2 thoughts on “Federal Reserve Z1 Data for 2020: The King of Debt Went Out With A Bang, and Our Children and Grandchildren Will Be Poorer for the Rest of Their Lives to Pay For It

  1. larrylittlefield Post author

    Higher asset prices, lower future returns. By propping up asset prices, the federal government redistributes income from poor to rich and from young to old. But the young can always accept that they are screwed and live poorer if they know this. That, however, would require earlier-born generations to admit it.

    https://www.economist.com/graphic-detail/2021/03/15/young-people-stand-to-make-dismal-returns-on-their-investments

    “On top of an inherited climate crisis, the young will have to suffer the economic consequences of a pandemic. For “Generation Z”, those born after 1997, this could mean higher rates of unemployment, lower earnings and higher taxes to pay off pandemic-era debts. Add to this unhappy list a less-noticed but no less serious problem: Generation Z’s dismal financial prospects. According to Credit Suisse’s latest global investment returns yearbook, Generation Z’s earnings from stocks and bonds will be significantly lower than those of previous generations.”

    “All of this adds up to annualised returns for Gen Z of a mere 2% on a 70:30 portfolio of stocks and bonds—not even a third of the historical return of the baby boomers (see chart). These guesses could prove too pessimistic, but perhaps not dramatically so. The authors concede that a serious bout of deflation could drive up bond returns. But currently inflation, not deflation, is the worry.”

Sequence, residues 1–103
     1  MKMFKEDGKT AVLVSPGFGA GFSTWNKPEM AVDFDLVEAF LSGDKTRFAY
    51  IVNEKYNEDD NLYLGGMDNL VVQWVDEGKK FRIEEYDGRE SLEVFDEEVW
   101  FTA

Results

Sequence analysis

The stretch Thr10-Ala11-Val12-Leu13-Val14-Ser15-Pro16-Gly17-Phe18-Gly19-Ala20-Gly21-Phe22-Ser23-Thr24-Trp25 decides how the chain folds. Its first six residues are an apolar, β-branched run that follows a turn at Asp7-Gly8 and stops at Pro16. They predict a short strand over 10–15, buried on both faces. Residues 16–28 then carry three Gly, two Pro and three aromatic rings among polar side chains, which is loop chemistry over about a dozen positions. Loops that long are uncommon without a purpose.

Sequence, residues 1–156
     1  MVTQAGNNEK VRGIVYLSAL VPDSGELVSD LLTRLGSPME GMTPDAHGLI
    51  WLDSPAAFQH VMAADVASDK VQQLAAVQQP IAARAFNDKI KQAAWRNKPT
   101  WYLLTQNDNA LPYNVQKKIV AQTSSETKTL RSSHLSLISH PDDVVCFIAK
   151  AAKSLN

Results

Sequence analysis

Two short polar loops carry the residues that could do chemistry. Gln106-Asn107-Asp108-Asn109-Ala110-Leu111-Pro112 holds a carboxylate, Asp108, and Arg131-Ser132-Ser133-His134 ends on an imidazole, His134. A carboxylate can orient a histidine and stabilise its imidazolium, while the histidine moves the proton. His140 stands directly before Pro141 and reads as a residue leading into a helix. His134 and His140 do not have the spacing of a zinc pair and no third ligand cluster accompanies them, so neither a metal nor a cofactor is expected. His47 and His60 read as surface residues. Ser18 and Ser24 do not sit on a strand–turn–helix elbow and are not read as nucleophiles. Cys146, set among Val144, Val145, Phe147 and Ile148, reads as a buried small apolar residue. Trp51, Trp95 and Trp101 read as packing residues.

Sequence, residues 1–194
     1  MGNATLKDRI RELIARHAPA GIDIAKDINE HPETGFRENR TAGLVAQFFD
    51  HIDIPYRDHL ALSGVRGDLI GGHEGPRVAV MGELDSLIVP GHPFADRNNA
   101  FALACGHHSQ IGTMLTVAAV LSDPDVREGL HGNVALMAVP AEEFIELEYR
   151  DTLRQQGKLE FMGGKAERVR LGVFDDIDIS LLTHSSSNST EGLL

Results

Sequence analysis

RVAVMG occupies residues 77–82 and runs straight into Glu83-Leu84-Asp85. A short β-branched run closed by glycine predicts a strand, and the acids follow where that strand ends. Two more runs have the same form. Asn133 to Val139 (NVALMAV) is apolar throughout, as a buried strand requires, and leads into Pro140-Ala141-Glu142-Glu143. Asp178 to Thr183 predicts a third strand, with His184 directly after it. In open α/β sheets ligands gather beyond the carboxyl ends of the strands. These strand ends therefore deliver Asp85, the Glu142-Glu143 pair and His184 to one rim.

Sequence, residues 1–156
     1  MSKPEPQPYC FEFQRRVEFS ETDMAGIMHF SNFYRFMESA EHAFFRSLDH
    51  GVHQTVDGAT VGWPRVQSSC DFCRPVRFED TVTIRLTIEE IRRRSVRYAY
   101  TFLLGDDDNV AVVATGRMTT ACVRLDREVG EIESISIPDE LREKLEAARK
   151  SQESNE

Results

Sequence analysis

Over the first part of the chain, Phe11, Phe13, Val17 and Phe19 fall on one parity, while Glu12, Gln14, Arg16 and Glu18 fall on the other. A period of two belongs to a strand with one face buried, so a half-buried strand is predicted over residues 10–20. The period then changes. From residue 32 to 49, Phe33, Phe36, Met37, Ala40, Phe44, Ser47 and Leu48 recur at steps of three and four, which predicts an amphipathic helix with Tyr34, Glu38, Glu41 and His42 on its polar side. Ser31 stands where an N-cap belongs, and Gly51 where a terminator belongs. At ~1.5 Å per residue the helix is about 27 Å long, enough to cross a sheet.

Were the stock, bond and real estate markets to crash and allow a lower buying in point, these calculations would change. But so would the nominal wealth of existing asset holders.

  2. larrylittlefield Post author

    And sure enough, Johnny at Granola Shotgun has a post up about the housing price aspect.

    https://www.granolashotgun.com/granolashotguncom/la-la-la-la-la-la

    “I have a weird theory. I don’t think homes are more expensive because of supply and demand. I don’t think it’s exclusively because of restrictive zoning regulations and building codes. I don’t think it’s about suburban sprawl or urban crowding. There’s definitely aspects of all that with plenty of blame to go around. But I’m beginning to think the value of homes isn’t rising so much as the worth of the dollar is rapidly declining. You get the same old house, but you need a whole lot more dollars to pay for it. Just a random thought…”

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